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Web-only Exclusives
November 30, 2000

From Our Correspondent: Hirohito and the War
A conversation with biographer Herbert Bix

From Our Correspondent: A Rough Road Ahead
Bad news for the Philippines - and some others

From Our Correspondent: Making Enemies
Indonesia needs friends. So why is it picking fights?

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Delhi's Fried Chicken Blues

TWO FLIES AND A garbage can? These are apparently enough for a fast-food outlet in Delhi to lose its license. As the BJP conclave was under way in Bombay last week, the Municipal Corp. of Delhi served a closure order on the capital's only Kentucky Fried Chicken (KFC) restaurant, owned by U.S. multinational PepsiCo. Health officials said they found two flies in the outlet's kitchen and a can of garbage outside the premises. Never mind that most eateries in Delhi do not even have a license. Several days before the Nov. 11 order, the head of the capital's BJP municipal government, Madan Lal Khurana, said he would not allow KFC to operate in Delhi because it served nothing but "junk food."

The action was widely perceived as nothing but harassment. "Imagine canceling the license of a restaurant on finding two flies," says a disbelieving Ajay Banga, PepsiCo's local marketing director. Delhi officials had insisted that placing garbage cans outside the restaurant was unlawful, he recounts. They had earlier seized chicken samples from the KFC outlet on Khurana's orders. The government then said the samples contained excessive levels of monosodium glutamate (MSG) seasoning as well as the prohibited food additive sodium aluminum phosphate. The findings were withdrawn after KFC proved that the alleged SAP was really baking powder.

KFC is also under pressure in Bangalore. Its outlet there was closed in September by local authorities because of alleged high levels of MSG. The southern city is ruled by the Janata party, an opposition group like the BJP. KFC won an order to reopen and now serves customers under police protection. It has also brought local Delhi officials to court. Says Sandeep Kohli, chief of PepsiCo Restaurants International: "I suppose all this is happening with [the 1996] elections in mind." The question is whether fast-food politics will end after the polling is over.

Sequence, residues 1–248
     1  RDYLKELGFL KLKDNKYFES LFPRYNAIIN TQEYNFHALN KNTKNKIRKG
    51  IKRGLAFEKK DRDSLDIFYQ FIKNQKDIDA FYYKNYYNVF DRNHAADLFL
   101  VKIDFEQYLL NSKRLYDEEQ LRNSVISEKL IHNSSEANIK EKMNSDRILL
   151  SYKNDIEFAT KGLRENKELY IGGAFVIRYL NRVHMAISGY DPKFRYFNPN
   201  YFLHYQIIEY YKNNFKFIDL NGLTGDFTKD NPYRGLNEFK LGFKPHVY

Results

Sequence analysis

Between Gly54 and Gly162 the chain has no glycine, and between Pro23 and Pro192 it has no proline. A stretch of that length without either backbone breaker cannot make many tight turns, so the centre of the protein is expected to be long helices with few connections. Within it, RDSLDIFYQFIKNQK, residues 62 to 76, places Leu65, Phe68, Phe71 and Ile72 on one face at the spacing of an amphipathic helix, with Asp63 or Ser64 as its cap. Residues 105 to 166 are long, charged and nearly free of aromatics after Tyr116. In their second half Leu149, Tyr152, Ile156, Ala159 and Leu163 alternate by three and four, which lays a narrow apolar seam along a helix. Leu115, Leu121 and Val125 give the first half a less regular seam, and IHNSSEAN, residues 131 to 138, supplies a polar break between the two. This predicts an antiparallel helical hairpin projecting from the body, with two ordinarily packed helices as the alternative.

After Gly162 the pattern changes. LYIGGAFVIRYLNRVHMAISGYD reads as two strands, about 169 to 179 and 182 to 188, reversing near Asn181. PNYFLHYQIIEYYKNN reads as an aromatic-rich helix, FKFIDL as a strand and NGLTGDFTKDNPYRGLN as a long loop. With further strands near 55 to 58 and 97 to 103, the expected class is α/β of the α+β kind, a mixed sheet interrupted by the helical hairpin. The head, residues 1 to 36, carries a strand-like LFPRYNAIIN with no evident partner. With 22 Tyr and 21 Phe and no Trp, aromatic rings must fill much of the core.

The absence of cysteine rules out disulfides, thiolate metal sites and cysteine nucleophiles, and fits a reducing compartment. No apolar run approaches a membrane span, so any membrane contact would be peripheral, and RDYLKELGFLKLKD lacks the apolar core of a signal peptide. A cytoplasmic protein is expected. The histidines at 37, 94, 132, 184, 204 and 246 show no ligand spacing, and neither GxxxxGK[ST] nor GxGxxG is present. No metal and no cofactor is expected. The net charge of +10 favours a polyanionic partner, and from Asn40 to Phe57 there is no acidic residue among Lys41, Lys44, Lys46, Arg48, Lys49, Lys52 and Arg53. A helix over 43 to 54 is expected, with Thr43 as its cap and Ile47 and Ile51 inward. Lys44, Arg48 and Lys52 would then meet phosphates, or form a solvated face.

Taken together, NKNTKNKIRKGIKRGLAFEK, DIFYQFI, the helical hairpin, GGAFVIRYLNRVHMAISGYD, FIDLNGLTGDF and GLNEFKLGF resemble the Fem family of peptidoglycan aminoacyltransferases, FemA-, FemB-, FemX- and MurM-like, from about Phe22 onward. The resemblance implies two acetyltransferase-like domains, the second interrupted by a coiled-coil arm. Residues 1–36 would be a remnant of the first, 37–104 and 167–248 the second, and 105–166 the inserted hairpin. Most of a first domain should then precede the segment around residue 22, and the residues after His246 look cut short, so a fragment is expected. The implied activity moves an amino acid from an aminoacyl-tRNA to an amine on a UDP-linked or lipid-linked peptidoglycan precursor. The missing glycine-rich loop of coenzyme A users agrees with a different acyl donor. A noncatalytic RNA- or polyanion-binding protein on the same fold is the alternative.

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This edition's table of contents | Asiaweek home



U.S. secretary of state says China should be 'tolerant'

Philippine government denies Estrada's claim to presidency

Faith, madness, magic mix at sacred Hindu festival

Land mine explosion kills 11 Sri Lankan soldiers

Japan claims StarLink found in U.S. corn sample

Thai party announces first coalition partner


COVER: President Joseph Estrada gives in to the chanting crowds on the streets of Manila and agrees to make room for his Vice President

THAILAND: Twin teenage warriors turn themselves in to Bangkok officials

CHINA: Despite official vilification, hip Chinese dig Lamaist culture

PHOTO ESSAY: Estrada Calls Snap Election

WEB-ONLY INTERVIEW: Jimmy Lai on feeling lucky -- and why he's committed to the island state


COVER: The DoCoMo generation - Japan's leading mobile phone company goes global

Bandwidth Boom: Racing to wire - how underseas cable systems may yet fall short

TAIWAN: Party intrigues add to Chen Shui-bian's woes

JAPAN: Japan's ruling party crushes a rebel at a cost

SINGAPORE: Singaporeans need to have more babies. But success breeds selfishness

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